The Belmont Board of Selectmen selected five residents – each with their specific skill set – to determine not just the best route for a community path to transverse Belmont, but also how to pay for it.
The Community Path Implementation Advisory Committee takes over from the Community Path Advisory Committee which completed its work in May after it researching and then developing a number of possibly combined bike/walking routes from Waltham to Cambridge.
“The desired outcome of this entire process is to have the community path built,” said Andy Rojas.
“The ultimate intent isn’t for a study … it’s for a physical path to be built that services the town and mitigates the negative and highlights all the positive impacts,” said Rojas.
The residents appointed to the committee are:
- Brian Burke
- Michael Cicalese
- Heather Ivester
- Russell Leino
- Vincent Stanton
Each member comes with work experience or involvement with the proposed community path in the past. Burke was a member of the CPAC and will bring continuity to the process. Cicalese was selected to raise residents’ concerns to the group as a likely route will impact the Channing Road neighborhood. Ivester is a state licensed structural engineer while Leino is an attorney.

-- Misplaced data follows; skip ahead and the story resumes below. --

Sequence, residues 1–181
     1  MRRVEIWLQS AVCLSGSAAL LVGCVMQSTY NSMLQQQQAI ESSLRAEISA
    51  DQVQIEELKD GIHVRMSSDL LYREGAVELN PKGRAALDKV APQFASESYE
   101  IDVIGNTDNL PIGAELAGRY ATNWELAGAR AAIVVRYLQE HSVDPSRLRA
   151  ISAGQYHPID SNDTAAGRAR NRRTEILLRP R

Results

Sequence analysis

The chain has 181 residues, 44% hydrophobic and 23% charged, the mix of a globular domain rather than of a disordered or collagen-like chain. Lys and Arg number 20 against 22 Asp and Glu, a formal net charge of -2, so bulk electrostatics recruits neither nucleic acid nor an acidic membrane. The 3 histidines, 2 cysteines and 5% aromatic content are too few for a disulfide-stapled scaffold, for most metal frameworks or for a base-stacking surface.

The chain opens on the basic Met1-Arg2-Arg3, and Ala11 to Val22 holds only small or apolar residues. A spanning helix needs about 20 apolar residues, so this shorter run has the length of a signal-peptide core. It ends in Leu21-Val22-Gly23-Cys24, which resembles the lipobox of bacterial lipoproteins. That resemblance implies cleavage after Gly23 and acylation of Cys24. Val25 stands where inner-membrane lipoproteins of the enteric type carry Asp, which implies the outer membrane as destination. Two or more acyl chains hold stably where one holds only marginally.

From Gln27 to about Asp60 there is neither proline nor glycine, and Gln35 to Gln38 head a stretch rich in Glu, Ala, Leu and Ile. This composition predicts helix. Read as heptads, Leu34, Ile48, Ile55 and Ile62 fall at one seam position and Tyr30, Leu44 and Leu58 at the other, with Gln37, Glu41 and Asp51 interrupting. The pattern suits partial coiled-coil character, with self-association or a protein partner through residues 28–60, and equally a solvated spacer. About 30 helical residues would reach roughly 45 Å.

Stanton, who Selectman Mark Paolillo noted has been responsible for extending Belmont Town Meeting nights with his array of knowledgeable quires, is well-known in town for his divergent thinking and novel ideas and solutions to any number of issues facing the community.
The committee’s charge from the selectmen is to come to a consensus on the best path but also to uncover outside funding – be it private or from the state or federal governments – to pay for a good portion of the trail and also the evaluation and analysis of the potential of a proposed project.
“It’s pretty clear that this body needs to commit some how … identify public sources of funding to do a feasibility study,” said Rojas.
“We can then pursue other government grants for the implementation, but we need that feasibility study in hand,” he added.
According to several members of a pro-community path group that Paolillo noted at the meeting, “with a feasibility component, there could be significant funds from the state level for a path.”
The study will also provide the Selectmen – who will make the final decision on the route and if the project will move forward – the economics of building specific routes through Belmont.
“While not set in stone, that we would expect the feasibility study would give us input on the route options before we make up our minds,” said Rojas.